Did you know that the oldest mention of a sausage surprisingly comes from China? According to the old writings, in Sparta, Ancient Greece, sausages hung in the eating halls and were consumed with great delight. Even in Babylon, a sausage was a welcome addition to their meals.

Today the Germans are the absolute world champions for producing the widest variety – approximately 1500 different kinds of sausages. Of course they also lead in per capita consumption, eating approximately 30 kg per person per annum. South Africa in comparison, comes nowhere near this.

Many people are unaware of the different varieties of sausages available, their uses and their preparation methods. For this reason I would like to describe some of my products, to help you in your purchasing decision and also to enhance your enjoyment of them.



A German Evergreen. During the Middle Ages, over a 1000 years ago, the “Franconian Bratwurst” was well known and liked. The good old knights ate them, or rather consumed masses of them with great pleasure.

Today Bratwurst is a well accepted delicacy worldwide.

To prepare, grill or fry. If frozen, defrost slowly at room temperature.  Preheat oven to 160′C and bake for 20 minutes.

German Bratwurst – Pork, herb flavor, with lots of rubbed Majoran. Medium texture, made from a unique
traditional handed down recipe.

Gypsey Bratwurst (Merguez or Zigeunerbratwurst) – Pork, medium texture spicy taste.

Munich Weisswurst – Pork. This is one of the traditional Bavarian specialities. In the old days this sausage
was not allowed to hear the midday church bell ringing, it had to be eaten before noon the same day (no fridges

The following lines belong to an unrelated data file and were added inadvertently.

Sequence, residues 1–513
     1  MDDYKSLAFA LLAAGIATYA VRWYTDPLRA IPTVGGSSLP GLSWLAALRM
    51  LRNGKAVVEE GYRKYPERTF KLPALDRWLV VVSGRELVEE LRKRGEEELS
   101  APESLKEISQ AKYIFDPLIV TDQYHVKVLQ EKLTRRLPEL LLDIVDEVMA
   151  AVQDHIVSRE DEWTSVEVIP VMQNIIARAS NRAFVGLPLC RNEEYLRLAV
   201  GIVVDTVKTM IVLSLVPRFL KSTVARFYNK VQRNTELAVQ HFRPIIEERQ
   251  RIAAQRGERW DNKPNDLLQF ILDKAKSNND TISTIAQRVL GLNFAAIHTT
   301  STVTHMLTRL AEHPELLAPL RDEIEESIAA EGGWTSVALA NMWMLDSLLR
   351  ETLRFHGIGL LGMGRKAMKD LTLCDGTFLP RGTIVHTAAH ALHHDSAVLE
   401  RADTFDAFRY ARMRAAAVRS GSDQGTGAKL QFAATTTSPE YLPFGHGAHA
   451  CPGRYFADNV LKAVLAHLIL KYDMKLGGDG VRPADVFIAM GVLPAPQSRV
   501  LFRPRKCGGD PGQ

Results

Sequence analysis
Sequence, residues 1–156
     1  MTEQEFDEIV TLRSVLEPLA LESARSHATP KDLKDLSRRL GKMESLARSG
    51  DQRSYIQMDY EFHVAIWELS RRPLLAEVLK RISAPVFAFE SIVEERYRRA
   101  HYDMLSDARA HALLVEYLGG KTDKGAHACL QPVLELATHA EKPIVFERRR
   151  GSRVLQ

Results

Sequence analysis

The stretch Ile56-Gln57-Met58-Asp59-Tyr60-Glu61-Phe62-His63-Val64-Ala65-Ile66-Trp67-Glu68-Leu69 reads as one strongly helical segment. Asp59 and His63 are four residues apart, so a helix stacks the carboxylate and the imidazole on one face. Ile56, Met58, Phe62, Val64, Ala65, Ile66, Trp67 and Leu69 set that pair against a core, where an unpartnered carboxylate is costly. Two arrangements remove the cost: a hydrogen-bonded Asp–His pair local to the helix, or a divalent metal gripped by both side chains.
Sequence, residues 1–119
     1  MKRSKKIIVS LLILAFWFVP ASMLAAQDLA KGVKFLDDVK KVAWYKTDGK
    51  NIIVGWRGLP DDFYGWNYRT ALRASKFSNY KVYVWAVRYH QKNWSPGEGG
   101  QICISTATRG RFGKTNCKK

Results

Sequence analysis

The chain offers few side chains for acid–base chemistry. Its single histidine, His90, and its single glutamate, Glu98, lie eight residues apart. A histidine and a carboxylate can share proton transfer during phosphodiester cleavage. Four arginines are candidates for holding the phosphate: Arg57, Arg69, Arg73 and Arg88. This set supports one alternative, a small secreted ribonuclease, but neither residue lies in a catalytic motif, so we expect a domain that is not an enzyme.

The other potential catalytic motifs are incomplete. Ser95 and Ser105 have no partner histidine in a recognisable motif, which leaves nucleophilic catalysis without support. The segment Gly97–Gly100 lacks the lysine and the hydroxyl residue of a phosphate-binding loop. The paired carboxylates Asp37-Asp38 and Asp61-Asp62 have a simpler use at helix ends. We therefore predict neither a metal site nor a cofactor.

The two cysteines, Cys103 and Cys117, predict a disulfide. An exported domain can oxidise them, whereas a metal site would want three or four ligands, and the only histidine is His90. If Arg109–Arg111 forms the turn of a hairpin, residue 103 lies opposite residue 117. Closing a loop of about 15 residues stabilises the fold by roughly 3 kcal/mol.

in those days). Fine texture with a slight lemon parsley flavor. To prepare make small incisions on the top to prevent bursting.

Nurenburger Bratwurst.


In the Austrian Alps, the farmers needed to preserve meat for long periods of time, since they slaughtered
only once a year in winter. This process includes amongst other methods, natural preservation, slow smoking,
and ripening.

To prepare, boil in water.
Selchwurst – Pork-beef. Made according to very old traditional recipe. This is a very versatile sausage, as it can be eaten hot or cold and cut into soups or stews. Great for hikes, school outings etc. as it will stay fresh for long periods. When exposed to air for some time it will become a dry sausage. Coarse texture, mildly spicy taste with a hint of garlic.

Käsekrainer (Cheesegriller) – Pork-beef with Cheddar cheese, medium texture, delicately spiced. Very popular.

Debreziner – Pork-beef. This sausage has its origins in the Austrian-Hungarian Empire. Spicy taste, predominant paprika. Can for instance be used in a Würstl Gulasch.

Knackwurst – Pork-beef. Fine texture, extremely versatile sausage. Can be used in sausage salads, stews, soups, scrambled eggs, eaten on its own, or filled with cheese, and wrapped in bacon to become a Berner Würstl.

Chorizo – Pork. Coarse texture, spicy with red wine flavour (Portuguese style).


Jagdwurst – Medium textured cold meat with mustard seed.

Krakauer – Large ham pieces with green Madagascar peppers.

Almtaler Salami – A delicately spiced cooked salami.

Fleischkäse (Steak loaf) – A well known delicacy in Germany and Austria. It consists of very finely cut meat which is a baked in a loaf form. Traditionally it is prepared sliced into +-1cm thick slices, fried lightly on each side and usually topped with a fried egg. It can also be sliced very thinly and eaten as a cold meat. Alternately the entire loaf can be warmed and served.


Oak Smoked Chicken – Hormone free chickens cured, cooked and smoked ready to eat. Hot or cold or as a chicken salad.

Black Forest Ham * – Made in winter in the old traditional way. Takes about four months to produce.

Ploughman's Platter